The ability of microorganisms to grow as aggregated assemblages has been known for many years, however their structure has remained largely unexplored across multiple spatial scales. The development of the Mesolens, an optical system which uniquely allows simultaneous imaging of individual bacteria over a 36 mm2 field of view, has enabled the study of mature Escherichia coli macro-colony biofilm architecture like never before. The Mesolens enabled the discovery of intra-colony channels on the order of 10 μm in diameter, that are integral to E. coli macro-colony biofilms and form as an emergent property of biofilm growth. These channels have a characteristic structure and re-form after total mechanical disaggregation of the colony. We demonstrate that the channels are able to transport particles and play a role in the acquisition of and distribution of nutrients through the biofilm. These channels potentially offer a new route for the delivery of dispersal agents for antimicrobial drugs to biofilms, ultimately lowering their impact on public health and industry.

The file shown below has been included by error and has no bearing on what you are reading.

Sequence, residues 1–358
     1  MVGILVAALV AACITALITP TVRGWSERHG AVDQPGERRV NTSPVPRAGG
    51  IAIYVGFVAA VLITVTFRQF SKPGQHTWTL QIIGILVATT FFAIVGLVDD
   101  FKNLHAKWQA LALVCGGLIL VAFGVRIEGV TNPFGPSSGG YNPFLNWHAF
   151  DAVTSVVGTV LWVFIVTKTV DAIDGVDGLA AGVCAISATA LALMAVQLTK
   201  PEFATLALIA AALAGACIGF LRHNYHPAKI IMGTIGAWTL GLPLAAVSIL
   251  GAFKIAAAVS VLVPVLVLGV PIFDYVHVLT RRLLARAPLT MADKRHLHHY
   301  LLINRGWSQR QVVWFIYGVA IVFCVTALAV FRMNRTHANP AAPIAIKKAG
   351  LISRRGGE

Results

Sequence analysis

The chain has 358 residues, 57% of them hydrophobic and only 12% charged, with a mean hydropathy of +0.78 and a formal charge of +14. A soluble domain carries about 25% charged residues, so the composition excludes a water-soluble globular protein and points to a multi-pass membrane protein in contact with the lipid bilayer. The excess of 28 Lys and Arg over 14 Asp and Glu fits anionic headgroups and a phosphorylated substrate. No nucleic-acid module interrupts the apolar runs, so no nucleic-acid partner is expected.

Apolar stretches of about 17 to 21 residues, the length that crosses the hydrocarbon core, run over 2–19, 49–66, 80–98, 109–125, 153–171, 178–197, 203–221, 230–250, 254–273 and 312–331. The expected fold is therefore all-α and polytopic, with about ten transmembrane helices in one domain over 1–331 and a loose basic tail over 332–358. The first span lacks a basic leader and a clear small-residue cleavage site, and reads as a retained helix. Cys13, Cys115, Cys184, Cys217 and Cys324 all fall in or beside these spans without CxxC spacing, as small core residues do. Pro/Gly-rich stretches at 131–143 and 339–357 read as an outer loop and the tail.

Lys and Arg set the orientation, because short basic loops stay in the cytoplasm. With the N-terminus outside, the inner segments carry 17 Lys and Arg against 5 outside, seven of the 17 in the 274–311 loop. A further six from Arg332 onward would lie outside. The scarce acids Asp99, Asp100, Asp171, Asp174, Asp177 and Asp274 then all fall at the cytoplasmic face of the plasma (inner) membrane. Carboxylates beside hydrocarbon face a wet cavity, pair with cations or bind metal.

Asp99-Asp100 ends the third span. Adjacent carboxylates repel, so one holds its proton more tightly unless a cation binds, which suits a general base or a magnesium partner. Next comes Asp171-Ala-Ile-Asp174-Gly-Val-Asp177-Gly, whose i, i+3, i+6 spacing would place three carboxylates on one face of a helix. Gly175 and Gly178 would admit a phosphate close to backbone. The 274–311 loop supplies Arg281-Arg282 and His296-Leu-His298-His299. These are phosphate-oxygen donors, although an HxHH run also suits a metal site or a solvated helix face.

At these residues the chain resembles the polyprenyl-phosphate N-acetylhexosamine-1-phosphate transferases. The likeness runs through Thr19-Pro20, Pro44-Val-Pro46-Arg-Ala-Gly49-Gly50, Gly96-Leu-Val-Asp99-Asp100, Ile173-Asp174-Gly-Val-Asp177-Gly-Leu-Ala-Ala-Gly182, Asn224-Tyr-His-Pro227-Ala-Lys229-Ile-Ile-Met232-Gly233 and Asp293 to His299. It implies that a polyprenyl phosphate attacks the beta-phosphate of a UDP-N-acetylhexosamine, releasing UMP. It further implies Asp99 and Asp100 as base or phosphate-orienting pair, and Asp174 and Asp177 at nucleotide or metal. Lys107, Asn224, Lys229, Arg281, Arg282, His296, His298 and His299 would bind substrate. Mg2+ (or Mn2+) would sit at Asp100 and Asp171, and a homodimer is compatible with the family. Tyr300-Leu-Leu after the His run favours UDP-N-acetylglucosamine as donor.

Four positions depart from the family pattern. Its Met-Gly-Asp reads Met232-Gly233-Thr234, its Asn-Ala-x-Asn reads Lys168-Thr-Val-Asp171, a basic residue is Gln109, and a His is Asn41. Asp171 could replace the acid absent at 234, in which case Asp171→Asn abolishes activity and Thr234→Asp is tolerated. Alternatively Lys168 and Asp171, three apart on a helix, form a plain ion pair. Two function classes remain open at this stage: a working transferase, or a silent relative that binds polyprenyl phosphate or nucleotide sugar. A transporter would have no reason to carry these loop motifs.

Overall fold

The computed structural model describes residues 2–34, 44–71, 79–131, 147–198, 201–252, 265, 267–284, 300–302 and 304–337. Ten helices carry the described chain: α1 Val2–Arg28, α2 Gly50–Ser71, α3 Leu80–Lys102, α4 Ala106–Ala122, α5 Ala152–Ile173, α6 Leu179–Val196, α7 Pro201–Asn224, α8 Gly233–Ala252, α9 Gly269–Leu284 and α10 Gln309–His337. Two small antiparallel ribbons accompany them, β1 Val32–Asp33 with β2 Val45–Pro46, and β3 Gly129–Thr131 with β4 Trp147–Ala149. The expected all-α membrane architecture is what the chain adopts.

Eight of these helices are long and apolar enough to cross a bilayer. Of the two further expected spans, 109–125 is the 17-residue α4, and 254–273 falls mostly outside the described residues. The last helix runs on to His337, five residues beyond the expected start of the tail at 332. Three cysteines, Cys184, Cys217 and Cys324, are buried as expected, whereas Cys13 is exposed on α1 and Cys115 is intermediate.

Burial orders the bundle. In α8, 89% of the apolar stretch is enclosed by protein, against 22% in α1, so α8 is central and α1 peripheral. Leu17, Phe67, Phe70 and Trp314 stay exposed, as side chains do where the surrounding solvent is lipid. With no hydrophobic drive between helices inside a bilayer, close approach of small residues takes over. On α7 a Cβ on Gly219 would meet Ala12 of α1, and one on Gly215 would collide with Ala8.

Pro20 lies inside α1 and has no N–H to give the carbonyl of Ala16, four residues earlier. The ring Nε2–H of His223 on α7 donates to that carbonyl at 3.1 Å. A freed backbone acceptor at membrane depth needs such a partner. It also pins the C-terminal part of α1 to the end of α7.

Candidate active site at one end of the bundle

ASJC Scopus subject areas
- Ecology, Evolution, Behavior and Systematics